CREDIT: (Credit: AP/Morry Gash)
It’s been more than eight years since Hurricane Katrina slammed into the Gulf Coast, and Mississippi still has not spent $872 million in federal recovery funding.
Haley Barbour was governor when Katrina hit and when the state received federal aid from the Department of Housing and Urban Development — he decided that half of the $5.5 billion in federal money had to go to economic development. The aid did not come with those preconditions, and with HUD’s approval, the state could reallocate the money to other projects but has not chosen to do so.
Louisiana prioritized housing and infrastructure, and has been able to get 91 percent of the more than $10 billion in federal aid out to those affected by the storm.
One grant of $8 million is going to build a parking garage for the city of Starkville, a city more than 200 miles north of where Katrina made landfall and home to Mississippi State University’s main campus. The garage would be part of a hotel-convention center complex that’s based around a former cotton mill.
Though Starkville did see strong winds and flooding, and most of the city lost power for a day after the storm hit, most of what constituted an emergency was helping to care for evacuees from farther south. AP reports that though Starkville is still in the presidentially-declared disaster zone despite being in the northern half of the state, there is still more need on the coast:
While Mississippi funds the Starkville project and can’t seem to find uses for millions in other available funding, some recovery programs in coastal areas still visibly affected by the storm are out of money.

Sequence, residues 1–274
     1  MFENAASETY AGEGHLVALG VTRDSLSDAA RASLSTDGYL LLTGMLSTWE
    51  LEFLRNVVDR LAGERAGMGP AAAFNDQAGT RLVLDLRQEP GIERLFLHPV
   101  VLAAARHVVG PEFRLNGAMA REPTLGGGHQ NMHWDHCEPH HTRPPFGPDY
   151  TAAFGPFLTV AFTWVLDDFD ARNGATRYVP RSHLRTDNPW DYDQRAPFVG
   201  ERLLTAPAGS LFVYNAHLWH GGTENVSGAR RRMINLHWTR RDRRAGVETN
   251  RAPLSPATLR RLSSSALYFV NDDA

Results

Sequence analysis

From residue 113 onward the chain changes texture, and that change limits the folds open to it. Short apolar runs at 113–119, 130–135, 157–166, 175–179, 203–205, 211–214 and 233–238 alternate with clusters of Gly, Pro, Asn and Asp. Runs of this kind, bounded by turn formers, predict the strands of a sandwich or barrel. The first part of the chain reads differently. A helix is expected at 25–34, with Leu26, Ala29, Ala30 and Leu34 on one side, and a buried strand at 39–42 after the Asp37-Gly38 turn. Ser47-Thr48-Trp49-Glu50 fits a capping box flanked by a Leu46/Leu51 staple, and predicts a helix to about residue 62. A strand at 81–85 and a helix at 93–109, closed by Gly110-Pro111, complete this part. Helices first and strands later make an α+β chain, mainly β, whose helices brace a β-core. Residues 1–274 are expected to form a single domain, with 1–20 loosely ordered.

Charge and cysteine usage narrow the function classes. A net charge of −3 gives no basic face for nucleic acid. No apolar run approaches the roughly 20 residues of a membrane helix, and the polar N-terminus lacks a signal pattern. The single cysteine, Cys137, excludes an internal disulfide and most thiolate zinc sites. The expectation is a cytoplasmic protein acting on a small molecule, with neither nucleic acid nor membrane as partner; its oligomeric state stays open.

For example, a $3 million forgivable loan program in Hancock County has committed all its funds to local businesses trying to rebuild. Storm surge was at its most extreme in Hancock County, where Katrina made its final landfall.
“We had far more applicants than we had funds,” said Tish Williams, executive director of the Hancock County Chamber of Commerce. “We were the hardest hit and the last to get.”
$581 million of the Mississippi aid is earmarked for an expansion of the Port of Gulfport, but that project has been dragging along without much progress. First the plan to raise the port 25 feet to adapt to future storm surge was abandoned. Then the scope of the project dropped from a goal of 3 million cargo containers a year to 1 million. $463 million has yet to be spent.
Gulfport city councilman Rusty Walker thinks even the 1 million cargo container target is too optimistic, and would like the unspent port money shifted to repair storm-damaged sewers. “It’s time to take the money back,” he said.
Direct economic development grants have also had spotty records of success, with $150 million of $384 million unspent. Some of the $234 million that has been handed out went to companies that have not created a single job and in some cases companies did not even construct buildings they agreed to construct.